In late summer and early fall, the routine is clear. Children return to school, and a few weeks later, parents are invited to open houses or back-to-school nights. Principals give brief presentations on school policies and procedures, and teachers introduce themselves and their curriculum for the coming year.

This ritual has been repeated for generations. Yet recently, parents may have noticed a new phrase being discussed—the “Common Core State Standards.”

Released in 2010, the Common Core State Standards, or CCSS (or just “Common Core”), are a set of voluntary national education standards for mathematics and English/language arts. Developed through collaboration among teachers, education researchers, school administrators, parents, and state education leaders, they define what students should master, by grade, to become successful adults. As of September 2012, 45 states and the District of Columbia have adopted the Common Core standards for school districts. (The states that haven’t adopted the standards are Alaska, Minnesota, Nebraska, Virginia, and Texas.)

But why develop a common set of curriculum standards?

“The most important thing is that these standards were developed explicitly to prepare students for college and careers,” says Robert Rothman, a senior fellow at the Alliance for Excellent Education and author of Something in Common: The Common Core State Standards and the Next Chapter in American Education. “They are the essential knowledge and skills in ELA and math.”

For participating states, the CCSS replace a disparate system where each state had its own academic standards, which varied enormously with regard to subject matter, intellectual depth, and rigor.

“In a lot of cases, the new standards are going to be more challenging than what students are used to,” Rothman says.

The CCSS were established not by the federal government but by a state-led effort coordinated by the National Governors Association and the Council for Chief State School Officers.

What Are the Common Core Standards?

The standards are complex documents with detailed descriptions of what students should know and be able to do in grades K–12. They specify skills and competencies, but don’t prescribe specific curriculum content or teaching methods. This leaves states and districts with greater flexibility in how they help students achieve mastery of the standards.

Despite the CCSS’ complexity, common themes emerge across grade levels. In English language arts, students are expected to read more nonfiction and increasingly complex texts; to improve their speaking and listening skills; and to cite evidence from texts to support arguments in written work. The ELA standards also address literacy in social studies, science, and technical subjects in grades 6–12.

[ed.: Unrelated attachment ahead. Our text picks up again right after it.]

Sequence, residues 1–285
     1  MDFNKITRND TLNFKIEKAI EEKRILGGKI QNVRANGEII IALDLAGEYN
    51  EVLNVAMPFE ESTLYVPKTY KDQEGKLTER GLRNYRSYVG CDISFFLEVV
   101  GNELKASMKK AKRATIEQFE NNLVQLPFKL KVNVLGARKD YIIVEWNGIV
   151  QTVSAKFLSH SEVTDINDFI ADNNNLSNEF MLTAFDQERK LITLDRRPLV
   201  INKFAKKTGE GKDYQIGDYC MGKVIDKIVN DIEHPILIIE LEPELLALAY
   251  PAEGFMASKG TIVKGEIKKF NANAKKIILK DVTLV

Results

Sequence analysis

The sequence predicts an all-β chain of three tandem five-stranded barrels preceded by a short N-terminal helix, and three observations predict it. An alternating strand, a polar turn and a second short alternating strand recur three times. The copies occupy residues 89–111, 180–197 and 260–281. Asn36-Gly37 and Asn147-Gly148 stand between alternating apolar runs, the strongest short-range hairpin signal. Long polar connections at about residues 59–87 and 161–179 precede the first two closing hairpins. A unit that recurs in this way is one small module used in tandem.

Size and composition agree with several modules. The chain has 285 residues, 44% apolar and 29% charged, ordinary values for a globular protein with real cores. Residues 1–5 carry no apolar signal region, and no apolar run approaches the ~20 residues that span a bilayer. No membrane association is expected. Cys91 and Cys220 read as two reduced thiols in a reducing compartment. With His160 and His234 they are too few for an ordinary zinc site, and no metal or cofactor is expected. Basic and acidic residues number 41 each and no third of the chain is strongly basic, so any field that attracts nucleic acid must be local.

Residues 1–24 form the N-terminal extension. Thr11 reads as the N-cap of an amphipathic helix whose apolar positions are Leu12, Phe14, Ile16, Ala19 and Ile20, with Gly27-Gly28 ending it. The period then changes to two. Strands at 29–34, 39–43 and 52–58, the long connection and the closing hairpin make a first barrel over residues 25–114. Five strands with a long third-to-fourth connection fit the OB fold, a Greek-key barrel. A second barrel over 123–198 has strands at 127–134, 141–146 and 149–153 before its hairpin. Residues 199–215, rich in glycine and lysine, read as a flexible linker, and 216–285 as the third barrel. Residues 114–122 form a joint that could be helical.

In math, the standards focus on fewer topics in each grade but include expectations that students master the topics in greater depth. They clearly state how students’ math learning builds upon itself each year. They also define eight mathematical practices, or processes, essential for mathematics understanding, including the ability to reason abstractly, make sense of problems, and attend to precision.

Parents Need Patience as Standards Unfold

As the assistant superintendent of New Fairfield Public Schools in Connecticut since the Connecticut State Department of Education adopted the standards in July 2010, Barbara Mechler has been leading her district’s efforts to learn the standards and align teaching and curriculum.

Extensive professional development with the state’s teachers and administrators has been dedicated to the CCSS, which the district began implementing in full in September 2012—and so far, Mechler is impressed.

“I think the standards are really great things,” Mechler says. “They are rigorous. They have not only high expectations for students but they also necessitate students taking control of their learning.”

However, she counsels parents to be patient and supportive of their children as they adjust to the more challenging work. To keep parents informed about the transition, Mechler has given public presentations on the CCSS at school board and parent group meetings. The district also has extensive information about the standards on its website and has submitted articles to its local newspaper.

The success of the standards may start being measured in 2014, when new national, computer-based assessments aligned with the CCSS replace current state standardized tests, which have no uniformity across state lines, either in expectations or difficulty. But parents are advised not to be too concerned if their children’s test scores initially decline.

“That doesn’t mean students are doing worse,” Rothman says. “It just means the expectations will be higher.”

Learn More About the Common Core Standards

To learn more about the CCSS, visit the following websites:

  • Common Core State Standards Initiative: This is the official website of the CCSS.
  • The Hunt Institute You Tube Channel: This You Tube Channel from the James B. Hunt, Jr. Institute for Educational Leadership and Policy at the University of North Carolina offers more than 30 short videos on the CCSS.